This has caused 40 years of fights and divisions when some practitioners feel that others are not properly following these simplistic ethics that are vague and open to interpretation. In the confusing times of Covid, economic hardship, and reignited fascism, these simplistic ethics have been stretched thin. They were probably never meant to handle such difficult topics. They were just meant as a check-in as we started a DIY design process.
This limitation of the Permaculture ethics is highlighted in this paper, written by a Permaculturist/academic, which basically predicted the current political schisms in Permaculture. Karey Harrison makes an excellent argument that proscriptive ethics like the permaculture ethics have an inherent relationship with authoritarianism and conventional destructive approaches to economics.
The permaculture ethics essentially are passed down as law by a central authority, Bill Mollison, David Holmgren and the body of permaculture teachers, and “given” to the community. This reinforces central, hierarchical power. This has set us up for a schism between central and decentralized authority, and individualism vs. community good.https://www.academia.edu/…/Ontological_Commitments_of…
Instead, the ethic of seeking happiness skillfully is considered a “virtue ethic,” which comes from inside of YOU. Instead of being imposed from above, virtue ethics are about wanting things that will bring about a better world, wanting what is virtuous. The ethic of transformative action implores you to think about your actions and your highest values, and let your own vision of a better world, and that golden compass in your chest guide your actions. It appeals to something that every single one of us actually wants: to be happy. It just recognizes that some of us become confused in how we seek it.
Rather than calling people out as breakers of these dogmatic ethics (as is common by certain modern Permaculture practitioners) the Ethic of Transformative Action invites us to call others in by appealing to how different actions could be more life-enhancing and happiness-generating. It doesn’t assume the “problem” is bad people. It assumes the problem is a lack of good information and options.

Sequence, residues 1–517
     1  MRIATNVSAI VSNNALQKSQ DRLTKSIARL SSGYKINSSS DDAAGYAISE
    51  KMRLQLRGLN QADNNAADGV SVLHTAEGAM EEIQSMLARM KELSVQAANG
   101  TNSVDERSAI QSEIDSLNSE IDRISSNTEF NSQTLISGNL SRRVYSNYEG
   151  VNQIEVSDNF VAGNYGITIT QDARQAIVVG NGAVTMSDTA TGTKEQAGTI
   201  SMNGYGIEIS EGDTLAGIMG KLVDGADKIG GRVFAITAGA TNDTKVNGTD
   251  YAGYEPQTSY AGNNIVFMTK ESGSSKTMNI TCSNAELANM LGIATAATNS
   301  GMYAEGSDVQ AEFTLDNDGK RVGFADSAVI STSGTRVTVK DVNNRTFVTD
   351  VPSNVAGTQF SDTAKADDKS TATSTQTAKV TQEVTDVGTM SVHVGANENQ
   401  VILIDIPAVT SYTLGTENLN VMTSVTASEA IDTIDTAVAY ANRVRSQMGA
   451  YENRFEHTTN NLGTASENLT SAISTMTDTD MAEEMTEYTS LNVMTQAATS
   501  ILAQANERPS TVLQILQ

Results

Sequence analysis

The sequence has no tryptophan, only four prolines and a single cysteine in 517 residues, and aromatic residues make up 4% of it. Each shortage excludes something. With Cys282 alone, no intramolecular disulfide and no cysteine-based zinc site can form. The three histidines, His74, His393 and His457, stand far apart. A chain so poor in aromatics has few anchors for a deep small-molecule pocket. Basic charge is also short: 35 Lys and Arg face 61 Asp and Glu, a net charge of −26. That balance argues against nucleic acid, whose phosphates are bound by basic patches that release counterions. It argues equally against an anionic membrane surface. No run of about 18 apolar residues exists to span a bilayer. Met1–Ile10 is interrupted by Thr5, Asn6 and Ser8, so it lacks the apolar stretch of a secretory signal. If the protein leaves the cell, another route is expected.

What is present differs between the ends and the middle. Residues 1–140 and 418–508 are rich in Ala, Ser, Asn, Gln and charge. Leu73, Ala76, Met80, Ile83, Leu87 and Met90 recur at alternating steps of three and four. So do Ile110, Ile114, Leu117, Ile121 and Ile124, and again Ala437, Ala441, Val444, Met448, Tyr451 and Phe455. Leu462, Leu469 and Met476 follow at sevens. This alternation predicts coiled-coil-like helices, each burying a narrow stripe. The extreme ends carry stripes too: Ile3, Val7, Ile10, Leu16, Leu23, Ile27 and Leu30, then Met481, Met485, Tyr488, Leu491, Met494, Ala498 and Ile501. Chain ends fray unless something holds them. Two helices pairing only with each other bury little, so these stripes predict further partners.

And so this internally motivated, but community-minded ethic may provide us with better direction in the complicated ethical situations we face today. And it may provide more nuance for situations beyond simple design.
This ethic also has a long history in Eastern thought, as the underlying ethic of many schools of Buddhism and Taoism, and in Greek thought, championed in the Socratic dialogs, and by Epicurus, and is seen underlying the ethics of many indigenous societies, such as the ethics of the Blackfoot nation.
And there are now several papers examining why this ethic may be the best one for an environmentally conscious ecological civilization, giving it a firm grounding in the good evidence.
Again, that doesn’t mean that the 3 ethics aren’t useful for DIY design, and to communicate the values of Permaculture in a catchy 3-second rhyme. But, when it comes to bigger questions and broader questions of our daily actions, we have this other ethic of skillfulness that has guided complex actions and held together large communities for millennia.
And considering this ethic isn’t a simple black and white thought where one either cares for the earth or doesn’t. (We know everyone really cares for the earth!) It instead leads us down a rich, nuanced, complex road, where we have to be vigilant and do our best with each new step. It instead invites us to ask: HOW do we care for the earth with our actions? It calls us into continuously looking for how we can build a better world as we create our own rich, happy lives.